Four months later, police say Alexander returned to the Beaconfield Terrace home of the first 68-year-old victim and raped her again. This took place on January 5, 2011, at 12:45 am. Again DNA evidence matched the DNA evidence from the previous two rapes.

In June of 2017, cold case detectives sought the services of Reston, Va.-based Parabon NanoLabs, a DNA technology company that specializes in DNA phenotyping: the process of predicting physical appearance and ancestry from unidentified DNA evidence. Using DNA evidence from body fluids left by the suspect at these rape scenes, Parabon’s Snapshot DNA Phenotyping Service has produced what the company and police refer to as a Snapshot composite depicting how the suspect, in this case, may have looked.

Manger also said that using Parabon’s Snapshot DNA and the company’s access to DNA database records from other DNA subscription services such as Ancestry.com or 23-and-me.com, detectives received names of possible distant family members of the suspect.

Police are crediting Patrol Officer Steve Smugeresky, or “Smugs” with doing the legwork work associated with tracking down family names members of people sharing the names and through searching through Census Bureau records and newspaper obituaries to narrow down the field of possible suspects. Police said Smugeresky, who was assigned to the Germantown District when the crimes occurred, (he has since been reassigned to another unit in MCPD) was able to identify six family trees and eventually hit on a woman in Georgia who told him that she had connections to Montgomery County.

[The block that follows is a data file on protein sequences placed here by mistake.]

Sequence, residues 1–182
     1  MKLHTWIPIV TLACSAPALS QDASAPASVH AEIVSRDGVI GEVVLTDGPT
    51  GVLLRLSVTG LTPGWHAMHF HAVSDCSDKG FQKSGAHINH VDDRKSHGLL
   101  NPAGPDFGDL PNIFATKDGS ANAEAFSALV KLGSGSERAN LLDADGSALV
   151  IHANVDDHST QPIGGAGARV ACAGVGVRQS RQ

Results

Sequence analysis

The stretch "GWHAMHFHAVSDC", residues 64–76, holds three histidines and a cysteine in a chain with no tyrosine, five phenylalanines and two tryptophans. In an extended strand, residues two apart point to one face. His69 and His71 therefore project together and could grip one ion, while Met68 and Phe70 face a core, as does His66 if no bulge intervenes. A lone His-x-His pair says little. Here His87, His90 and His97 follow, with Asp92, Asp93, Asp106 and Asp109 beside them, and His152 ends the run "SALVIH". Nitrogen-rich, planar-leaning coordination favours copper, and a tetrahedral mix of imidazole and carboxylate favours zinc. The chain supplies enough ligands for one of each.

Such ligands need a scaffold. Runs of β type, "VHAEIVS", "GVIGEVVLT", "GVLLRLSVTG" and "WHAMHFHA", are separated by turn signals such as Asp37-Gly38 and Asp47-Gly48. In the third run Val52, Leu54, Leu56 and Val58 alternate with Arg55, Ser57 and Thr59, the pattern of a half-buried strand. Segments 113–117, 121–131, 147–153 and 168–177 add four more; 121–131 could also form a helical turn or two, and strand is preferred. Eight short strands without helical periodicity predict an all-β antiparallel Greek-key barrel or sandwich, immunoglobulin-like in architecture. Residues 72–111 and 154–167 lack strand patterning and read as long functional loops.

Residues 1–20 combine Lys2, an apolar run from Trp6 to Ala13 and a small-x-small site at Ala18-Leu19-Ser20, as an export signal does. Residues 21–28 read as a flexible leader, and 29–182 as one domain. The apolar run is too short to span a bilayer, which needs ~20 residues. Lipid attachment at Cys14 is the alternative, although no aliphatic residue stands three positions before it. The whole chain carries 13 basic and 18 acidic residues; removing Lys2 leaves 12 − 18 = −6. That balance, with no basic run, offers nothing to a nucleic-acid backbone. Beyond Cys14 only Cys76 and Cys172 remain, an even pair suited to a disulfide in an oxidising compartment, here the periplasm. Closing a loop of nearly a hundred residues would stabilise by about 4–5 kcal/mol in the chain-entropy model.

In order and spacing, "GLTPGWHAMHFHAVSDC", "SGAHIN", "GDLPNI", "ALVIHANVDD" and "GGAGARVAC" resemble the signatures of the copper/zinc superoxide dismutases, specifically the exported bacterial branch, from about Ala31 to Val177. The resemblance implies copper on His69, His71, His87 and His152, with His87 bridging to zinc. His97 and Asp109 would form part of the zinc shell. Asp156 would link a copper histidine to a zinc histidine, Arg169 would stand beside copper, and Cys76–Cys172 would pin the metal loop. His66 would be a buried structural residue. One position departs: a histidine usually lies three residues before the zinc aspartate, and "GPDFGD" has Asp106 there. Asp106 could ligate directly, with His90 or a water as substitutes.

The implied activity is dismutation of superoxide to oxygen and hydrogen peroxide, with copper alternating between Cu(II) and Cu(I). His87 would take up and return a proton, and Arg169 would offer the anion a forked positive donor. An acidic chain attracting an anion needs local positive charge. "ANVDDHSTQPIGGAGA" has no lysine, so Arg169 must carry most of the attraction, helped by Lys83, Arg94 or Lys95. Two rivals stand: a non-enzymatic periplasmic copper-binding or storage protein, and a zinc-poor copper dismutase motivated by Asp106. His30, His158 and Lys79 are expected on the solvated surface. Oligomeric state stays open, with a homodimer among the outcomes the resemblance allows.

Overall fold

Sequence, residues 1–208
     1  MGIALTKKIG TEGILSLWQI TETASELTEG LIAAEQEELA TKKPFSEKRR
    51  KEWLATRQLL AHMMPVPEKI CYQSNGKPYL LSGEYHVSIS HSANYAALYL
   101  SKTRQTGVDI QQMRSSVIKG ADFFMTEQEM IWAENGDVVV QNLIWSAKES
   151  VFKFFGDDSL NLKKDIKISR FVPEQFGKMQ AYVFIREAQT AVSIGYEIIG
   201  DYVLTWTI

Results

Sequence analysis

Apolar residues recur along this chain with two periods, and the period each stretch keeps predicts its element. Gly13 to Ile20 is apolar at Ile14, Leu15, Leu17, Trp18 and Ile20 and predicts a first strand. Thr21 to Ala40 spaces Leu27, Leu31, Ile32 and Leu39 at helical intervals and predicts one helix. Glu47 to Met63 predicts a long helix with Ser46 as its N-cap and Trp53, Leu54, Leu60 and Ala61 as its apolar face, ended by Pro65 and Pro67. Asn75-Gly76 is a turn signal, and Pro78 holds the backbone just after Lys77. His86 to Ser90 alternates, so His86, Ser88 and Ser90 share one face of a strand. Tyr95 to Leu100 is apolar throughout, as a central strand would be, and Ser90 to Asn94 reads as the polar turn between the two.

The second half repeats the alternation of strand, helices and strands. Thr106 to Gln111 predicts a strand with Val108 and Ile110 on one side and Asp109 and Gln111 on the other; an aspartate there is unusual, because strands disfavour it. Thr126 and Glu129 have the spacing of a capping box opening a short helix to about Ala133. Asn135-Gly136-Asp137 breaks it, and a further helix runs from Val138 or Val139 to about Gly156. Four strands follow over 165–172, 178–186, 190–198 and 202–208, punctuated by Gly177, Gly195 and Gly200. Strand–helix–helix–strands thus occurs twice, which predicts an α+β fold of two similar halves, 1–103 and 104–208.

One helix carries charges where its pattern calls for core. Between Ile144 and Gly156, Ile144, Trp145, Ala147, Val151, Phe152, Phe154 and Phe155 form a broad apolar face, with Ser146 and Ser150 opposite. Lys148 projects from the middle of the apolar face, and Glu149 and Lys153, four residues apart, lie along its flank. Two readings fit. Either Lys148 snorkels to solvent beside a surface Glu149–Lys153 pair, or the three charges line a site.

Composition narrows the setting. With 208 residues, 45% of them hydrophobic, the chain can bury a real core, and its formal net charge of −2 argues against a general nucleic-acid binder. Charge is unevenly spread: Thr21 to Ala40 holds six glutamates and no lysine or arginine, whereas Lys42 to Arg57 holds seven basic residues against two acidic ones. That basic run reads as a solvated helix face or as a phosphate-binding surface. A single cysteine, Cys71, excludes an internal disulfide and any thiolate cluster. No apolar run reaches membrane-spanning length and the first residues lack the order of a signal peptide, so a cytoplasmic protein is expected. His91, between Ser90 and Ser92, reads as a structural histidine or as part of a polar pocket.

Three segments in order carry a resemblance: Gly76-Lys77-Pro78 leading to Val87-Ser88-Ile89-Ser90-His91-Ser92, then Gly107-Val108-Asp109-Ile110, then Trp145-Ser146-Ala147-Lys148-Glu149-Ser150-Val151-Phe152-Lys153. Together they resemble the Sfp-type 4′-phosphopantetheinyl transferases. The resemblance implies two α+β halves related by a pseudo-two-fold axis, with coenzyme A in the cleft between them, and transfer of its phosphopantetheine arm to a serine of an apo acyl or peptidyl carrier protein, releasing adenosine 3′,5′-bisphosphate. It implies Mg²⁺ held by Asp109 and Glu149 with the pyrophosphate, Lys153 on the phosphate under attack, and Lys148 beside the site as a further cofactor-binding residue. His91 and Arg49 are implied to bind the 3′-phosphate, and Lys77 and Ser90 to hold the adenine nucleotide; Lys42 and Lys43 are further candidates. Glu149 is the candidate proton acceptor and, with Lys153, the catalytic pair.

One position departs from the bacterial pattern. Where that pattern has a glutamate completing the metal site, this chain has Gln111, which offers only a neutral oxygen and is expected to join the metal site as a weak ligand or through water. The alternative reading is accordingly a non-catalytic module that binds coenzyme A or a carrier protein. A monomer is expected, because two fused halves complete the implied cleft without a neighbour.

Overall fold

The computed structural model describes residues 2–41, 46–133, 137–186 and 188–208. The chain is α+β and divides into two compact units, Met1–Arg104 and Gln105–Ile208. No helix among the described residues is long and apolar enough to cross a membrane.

In June of 2017, police released a DNA Snapshot composite sketch based on the DNA evidence left by the suspect at the crime scenes which produce trait predictions for the suspect. Individual predictions were made for the subject’s ancestry, eye color, hair color, skin color, freckling, and face shape. By combining these attributes of appearance, Snapshot composites were produced depicting what the suspect might look like at a certain age and with a certain body-mass index.

Detectives believe it is possible that Alexander committed additional sexual assaults and continue to examine similar unsolved rapes that have occurred in the County, including two in the Germantown/Gaithersburg area. Investigators are also looking into any other municipalities where Alexander may have lived in the past to determine if there are any similar unsolved rape cases.

If found guilty of the charges Alexander currently faces, he could serve five life sentences. He is scheduled to be back in court for a preliminary hearing on October 12.


Top: The suspect Marlon Michael Alexander, 39, of the 13000 block of Dairymaid Drive in Germantown. Photo courtesy MCPD.

Next: Montgomery County Police Chief Thomas J. Manger announcing the arrest Marlon Michael Alexander. Officer Steve Smugeresky is behind Chief Manger’s left shoulder.

Next: The side by-side-by photos of the composite sketch released in 2007 and the suspect’s mugshot taken after his arrest on Thursday, Sept. 13, 2018.

Next: The DNA Snapshot composite of the suspect released in June of 2017 which was based on DNA analysis.

Photos by Germantown Pulse